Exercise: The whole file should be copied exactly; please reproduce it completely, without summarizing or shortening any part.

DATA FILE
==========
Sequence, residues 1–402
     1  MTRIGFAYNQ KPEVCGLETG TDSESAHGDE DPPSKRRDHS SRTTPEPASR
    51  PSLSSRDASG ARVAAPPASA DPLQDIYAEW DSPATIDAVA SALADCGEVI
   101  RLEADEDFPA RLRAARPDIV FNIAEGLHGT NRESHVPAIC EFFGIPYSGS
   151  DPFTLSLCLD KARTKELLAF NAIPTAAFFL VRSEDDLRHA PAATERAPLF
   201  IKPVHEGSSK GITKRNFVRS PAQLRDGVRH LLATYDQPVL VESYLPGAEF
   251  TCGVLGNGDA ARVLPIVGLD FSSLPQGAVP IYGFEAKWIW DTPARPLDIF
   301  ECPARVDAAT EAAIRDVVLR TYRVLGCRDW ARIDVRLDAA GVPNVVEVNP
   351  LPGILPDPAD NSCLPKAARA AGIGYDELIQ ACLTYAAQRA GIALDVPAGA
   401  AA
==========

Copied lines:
Sequence, residues 1–402
     1  MTRIGFAYNQ KPEVCGLETG TDSESAHGDE DPPSKRRDHS SRTTPEPASR
    51  PSLSSRDASG ARVAAPPASA DPLQDIYAEW DSPATIDAVA SALADCGEVI
   101  RLEADEDFPA RLRAARPDIV FNIAEGLHGT NRESHVPAIC EFFGIPYSGS
   151  DPFTLSLCLD KARTKELLAF NAIPTAAFFL VRSEDDLRHA PAATERAPLF
   201  IKPVHEGSSK GITKRNFVRS PAQLRDGVRH LLATYDQPVL VESYLPGAEF
   251  TCGVLGNGDA ARVLPIVGLD FSSLPQGAVP IYGFEAKWIW DTPARPLDIF
   301  ECPARVDAAT EAAIRDVVLR TYRVLGCRDW ARIDVRLDAA GVPNVVEVNP
   351  LPGILPDPAD NSCLPKAARA AGIGYDELIQ ACLTYAAQRA GIALDVPAGA
   401  AA